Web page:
by Tyler Glover
The Nightmare Before Christmas.
Sweeney Todd: The Demon Barber of Fleet Street.
All of these films are classics that millions of filmgoers love all around the world. They all blend comedy, horror and science fiction perfectly. They are also all directed by the acclaimed director Tim Burton. So, when it was announced that Netflix would be ordering an ‘Addams Family’ pilot with Burton as an executive producer and director, my hopes were incredibly high for it. This is definitely the kind of project right up Burton’s alley. The series called “Wednesday” does not disappoint.
The series follows Wednesday (Jenna Ortega), Morticia and Gomez’s daughter, who is expelled from her school for putting live piranhas in the pool for the boys’ swimming team after they were bullying her brother, Pugsley (Isaac Ordonez). As a result, she is put in her parents’ alma mater, Nevermore Academy, a school for monstrous outcasts. While attending the school, she reluctantly befriends her roommate Enid Sinclair (Emma Myers). She is completely different from Wednesday. She is the Galinda to Wednesday’s Elphaba. Wednesday also starts falling for a fellow student, Tyler (Hunter Doohan). Because of her psychic abilities, she starts to investigate a string of murders. Gwendolyn Christie stars as Principal Weems and in one of the best casting decisions this year, Christina Ricci (who played Wednesday in “The Addams Family” films) plays a botany teacher.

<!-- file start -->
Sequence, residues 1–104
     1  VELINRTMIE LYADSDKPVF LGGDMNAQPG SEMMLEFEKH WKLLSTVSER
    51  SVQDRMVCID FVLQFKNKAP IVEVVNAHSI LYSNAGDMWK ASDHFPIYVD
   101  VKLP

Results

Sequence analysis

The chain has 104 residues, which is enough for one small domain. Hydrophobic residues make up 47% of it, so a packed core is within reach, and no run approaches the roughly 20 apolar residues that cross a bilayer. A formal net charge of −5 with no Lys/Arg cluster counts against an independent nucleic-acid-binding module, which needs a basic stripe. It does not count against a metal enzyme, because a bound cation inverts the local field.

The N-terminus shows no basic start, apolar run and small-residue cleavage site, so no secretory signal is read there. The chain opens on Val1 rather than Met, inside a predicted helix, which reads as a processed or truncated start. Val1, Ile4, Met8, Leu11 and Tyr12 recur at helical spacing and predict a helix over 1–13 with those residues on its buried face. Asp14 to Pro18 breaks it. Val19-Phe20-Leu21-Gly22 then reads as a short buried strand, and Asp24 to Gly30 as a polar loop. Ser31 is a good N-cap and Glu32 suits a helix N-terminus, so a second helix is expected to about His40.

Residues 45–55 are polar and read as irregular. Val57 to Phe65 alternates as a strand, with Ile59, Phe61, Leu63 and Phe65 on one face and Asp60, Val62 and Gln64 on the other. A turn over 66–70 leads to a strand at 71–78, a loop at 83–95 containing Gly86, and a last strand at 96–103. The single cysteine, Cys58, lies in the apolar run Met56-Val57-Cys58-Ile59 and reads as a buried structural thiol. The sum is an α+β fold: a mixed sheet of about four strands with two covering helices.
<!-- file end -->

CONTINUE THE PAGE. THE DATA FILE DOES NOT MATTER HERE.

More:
The performances in this series are top-notch. Ortega plays Wednesday with all of the gloom and doom you would expect but also makes audiences fall completely in love with her. Christie as the Principal truly shines in a role that is a vast contrast from her previous television role in HBO’s “Game of Thrones.” This show allows us to really see more of what Christie is made of and she delivers. Catherine Zeta-Jones, who plays Morticia in a guest-starring role, makes you wish she was on the screen more. Her Morticia is 100 percent spot on. If Zeta-Jones does qualify for Best Guest Actress in a Comedy Series at the Primetime Emmys, I would love to see her nominated and win that category.